Daniel Greenfield, First they came for coal, and I said nothing, because I wasn’t a coal miner. And then they came for the oil industry.
Curiously, Biden had tried to previously deny that he was going to end fracking, despite having previously said it, only to go much bigger at the final debate.
But that’s partly because Biden’s talking points are to focus on ending oil and conventional energy as a process. The idea is it won’t happen overnight and there’ll be lots of imaginary green jobs and free college for all the displaced workers.
This isn’t a new talking point. This particular song and dance routine dates back to at least the Clinton administration.
So the exchange between President Trump and Biden went with the former asking, “Would you close down the oil industry?” and Biden replying with, “I would transition from the oil industry, yes.”
Transition was a favorite Obama euphemism for eliminate.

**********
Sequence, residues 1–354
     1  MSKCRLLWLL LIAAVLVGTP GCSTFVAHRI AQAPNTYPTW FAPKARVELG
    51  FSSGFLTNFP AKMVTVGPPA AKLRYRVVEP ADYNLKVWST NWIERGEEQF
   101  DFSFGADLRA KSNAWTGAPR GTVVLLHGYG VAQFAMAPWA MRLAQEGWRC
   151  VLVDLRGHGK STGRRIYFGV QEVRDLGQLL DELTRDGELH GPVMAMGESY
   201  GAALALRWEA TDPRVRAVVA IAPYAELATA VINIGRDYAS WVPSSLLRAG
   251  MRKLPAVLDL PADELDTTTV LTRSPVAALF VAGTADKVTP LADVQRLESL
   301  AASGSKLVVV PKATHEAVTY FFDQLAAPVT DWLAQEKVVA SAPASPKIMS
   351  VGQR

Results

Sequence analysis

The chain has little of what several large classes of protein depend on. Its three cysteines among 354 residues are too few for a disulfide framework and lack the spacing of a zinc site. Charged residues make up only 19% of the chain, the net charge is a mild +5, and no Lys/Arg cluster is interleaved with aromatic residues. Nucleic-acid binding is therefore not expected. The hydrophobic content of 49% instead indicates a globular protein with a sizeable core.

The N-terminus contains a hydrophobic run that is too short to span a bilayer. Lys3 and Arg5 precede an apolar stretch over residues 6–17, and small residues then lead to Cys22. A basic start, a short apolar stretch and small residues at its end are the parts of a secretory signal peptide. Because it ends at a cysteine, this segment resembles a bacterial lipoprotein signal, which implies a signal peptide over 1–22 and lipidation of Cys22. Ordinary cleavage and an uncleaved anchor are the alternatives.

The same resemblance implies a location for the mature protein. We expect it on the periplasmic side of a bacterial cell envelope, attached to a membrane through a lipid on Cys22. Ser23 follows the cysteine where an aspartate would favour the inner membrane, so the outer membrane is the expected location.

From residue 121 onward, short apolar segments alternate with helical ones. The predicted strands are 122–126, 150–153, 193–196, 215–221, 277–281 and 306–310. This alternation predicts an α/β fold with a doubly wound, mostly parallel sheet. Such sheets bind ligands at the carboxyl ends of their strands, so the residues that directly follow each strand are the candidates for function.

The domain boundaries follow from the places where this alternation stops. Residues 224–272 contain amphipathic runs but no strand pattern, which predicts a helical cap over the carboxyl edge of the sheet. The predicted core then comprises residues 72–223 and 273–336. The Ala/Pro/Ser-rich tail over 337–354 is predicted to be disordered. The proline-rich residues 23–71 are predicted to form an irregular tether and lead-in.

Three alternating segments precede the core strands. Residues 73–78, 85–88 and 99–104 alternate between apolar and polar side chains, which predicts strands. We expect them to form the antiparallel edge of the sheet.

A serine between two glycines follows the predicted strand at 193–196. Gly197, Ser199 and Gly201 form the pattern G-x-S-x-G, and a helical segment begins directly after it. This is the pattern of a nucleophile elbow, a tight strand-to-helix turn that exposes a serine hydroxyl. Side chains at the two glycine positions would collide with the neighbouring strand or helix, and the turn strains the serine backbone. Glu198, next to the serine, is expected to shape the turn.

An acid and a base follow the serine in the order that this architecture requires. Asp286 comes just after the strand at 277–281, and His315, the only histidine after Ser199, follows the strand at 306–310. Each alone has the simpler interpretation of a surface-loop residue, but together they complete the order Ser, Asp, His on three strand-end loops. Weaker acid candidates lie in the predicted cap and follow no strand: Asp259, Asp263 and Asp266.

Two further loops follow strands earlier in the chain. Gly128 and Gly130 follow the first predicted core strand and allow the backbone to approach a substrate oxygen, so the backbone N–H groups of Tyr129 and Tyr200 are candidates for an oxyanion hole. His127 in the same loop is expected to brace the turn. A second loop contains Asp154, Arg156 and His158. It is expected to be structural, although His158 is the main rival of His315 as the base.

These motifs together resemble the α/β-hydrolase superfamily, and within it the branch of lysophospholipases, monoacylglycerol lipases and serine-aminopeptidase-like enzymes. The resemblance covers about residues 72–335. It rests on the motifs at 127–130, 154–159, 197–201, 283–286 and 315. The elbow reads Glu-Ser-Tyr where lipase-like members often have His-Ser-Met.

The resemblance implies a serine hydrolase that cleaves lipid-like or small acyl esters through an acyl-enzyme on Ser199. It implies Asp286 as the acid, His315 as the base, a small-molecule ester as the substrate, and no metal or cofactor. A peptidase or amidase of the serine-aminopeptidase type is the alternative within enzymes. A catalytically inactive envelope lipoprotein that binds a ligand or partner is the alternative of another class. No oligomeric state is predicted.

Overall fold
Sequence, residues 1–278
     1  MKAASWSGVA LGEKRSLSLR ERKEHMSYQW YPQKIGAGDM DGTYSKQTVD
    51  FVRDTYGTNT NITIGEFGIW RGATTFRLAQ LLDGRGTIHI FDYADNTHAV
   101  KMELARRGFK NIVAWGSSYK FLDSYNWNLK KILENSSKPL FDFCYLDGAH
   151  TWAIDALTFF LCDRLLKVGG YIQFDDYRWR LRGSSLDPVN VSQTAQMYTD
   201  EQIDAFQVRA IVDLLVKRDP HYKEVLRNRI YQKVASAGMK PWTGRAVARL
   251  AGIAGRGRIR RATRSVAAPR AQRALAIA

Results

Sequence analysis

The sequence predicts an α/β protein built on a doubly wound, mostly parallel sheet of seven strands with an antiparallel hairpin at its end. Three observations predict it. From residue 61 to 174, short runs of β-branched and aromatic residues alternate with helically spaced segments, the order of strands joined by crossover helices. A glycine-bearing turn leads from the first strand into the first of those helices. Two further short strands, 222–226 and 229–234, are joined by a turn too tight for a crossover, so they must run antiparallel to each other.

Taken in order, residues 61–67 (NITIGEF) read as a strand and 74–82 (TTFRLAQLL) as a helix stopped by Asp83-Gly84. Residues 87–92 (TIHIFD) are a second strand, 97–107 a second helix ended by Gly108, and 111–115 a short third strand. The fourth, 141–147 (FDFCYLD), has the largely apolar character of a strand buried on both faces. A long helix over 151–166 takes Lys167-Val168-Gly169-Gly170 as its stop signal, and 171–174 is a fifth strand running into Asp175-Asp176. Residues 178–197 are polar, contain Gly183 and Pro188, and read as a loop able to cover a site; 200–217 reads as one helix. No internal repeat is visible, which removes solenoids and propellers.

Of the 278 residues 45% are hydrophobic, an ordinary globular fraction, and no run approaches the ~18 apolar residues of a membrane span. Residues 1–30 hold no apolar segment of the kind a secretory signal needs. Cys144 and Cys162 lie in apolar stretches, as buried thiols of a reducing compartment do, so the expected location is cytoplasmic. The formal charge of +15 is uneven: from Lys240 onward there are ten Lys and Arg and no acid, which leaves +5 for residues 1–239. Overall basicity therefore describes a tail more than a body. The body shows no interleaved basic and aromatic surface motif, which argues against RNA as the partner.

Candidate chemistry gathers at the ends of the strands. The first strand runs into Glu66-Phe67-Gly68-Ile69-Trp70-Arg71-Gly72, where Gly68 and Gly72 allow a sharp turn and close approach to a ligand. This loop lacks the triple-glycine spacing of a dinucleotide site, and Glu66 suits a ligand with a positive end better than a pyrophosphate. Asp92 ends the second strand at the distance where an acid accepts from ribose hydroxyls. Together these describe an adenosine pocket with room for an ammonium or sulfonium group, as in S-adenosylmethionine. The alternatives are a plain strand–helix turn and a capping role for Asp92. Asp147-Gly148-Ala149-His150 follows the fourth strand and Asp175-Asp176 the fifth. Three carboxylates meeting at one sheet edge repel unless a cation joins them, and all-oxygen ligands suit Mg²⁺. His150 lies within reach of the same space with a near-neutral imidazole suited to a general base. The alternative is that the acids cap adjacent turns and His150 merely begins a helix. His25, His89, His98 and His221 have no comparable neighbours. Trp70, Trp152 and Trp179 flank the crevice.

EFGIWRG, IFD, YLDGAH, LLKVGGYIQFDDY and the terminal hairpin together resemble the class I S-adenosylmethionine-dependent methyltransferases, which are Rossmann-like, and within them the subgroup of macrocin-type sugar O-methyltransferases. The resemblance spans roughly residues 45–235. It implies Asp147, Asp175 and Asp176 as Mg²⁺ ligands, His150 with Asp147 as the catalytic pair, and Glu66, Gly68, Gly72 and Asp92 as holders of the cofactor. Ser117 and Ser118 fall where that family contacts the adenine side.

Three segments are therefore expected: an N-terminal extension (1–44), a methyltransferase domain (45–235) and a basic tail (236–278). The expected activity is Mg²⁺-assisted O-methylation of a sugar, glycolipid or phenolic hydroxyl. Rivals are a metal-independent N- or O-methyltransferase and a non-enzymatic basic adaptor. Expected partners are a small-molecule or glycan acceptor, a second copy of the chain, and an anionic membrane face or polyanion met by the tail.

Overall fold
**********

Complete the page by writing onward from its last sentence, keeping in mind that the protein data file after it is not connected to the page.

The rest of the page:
If you recall, Obama Inc. described its elimination of many private health insurance plans as “transitioning”. Because it sounds better. Much like, “We took away your house and forced you to live in a tiny apartment in an urban hellhole” doesn’t sound as good as, “We transitioned your living opportunity to consolidate space and services.”
Bottom line though is Joe Biden did say it and that’s going to affect a whole bunch of votes.
Energy (the actual kind, not the green scam) has been one of the few industry success stories of the last two decades. Depending on whose estimates you go with, we’re still talking about millions of jobs. The API is hardly an unbiased source, but neither is the media, so we can hear the industry’s estimate. Industry supports 9.8 million jobs or 5.6 percent of total U.S. employment, according to PwC. In 2012, the unconventional oil and natural gas value chain and energy-related chemicals activity together supported more than 2.1 million jobs, according to IHS – a number that’s projected to reach 3.9 million by 2025.
In fact, due in large part to the oil and natural gas industry, the Texas Comptroller estimates that Texas has recovered 100 percent of the jobs lost during the Great Recession and has added 597,000 above the previous peak in August 2008.
Biden is back to promising better “green jobs”, but the only jobs the ecohoaxers create is for their own investors and consultants in San Francisco.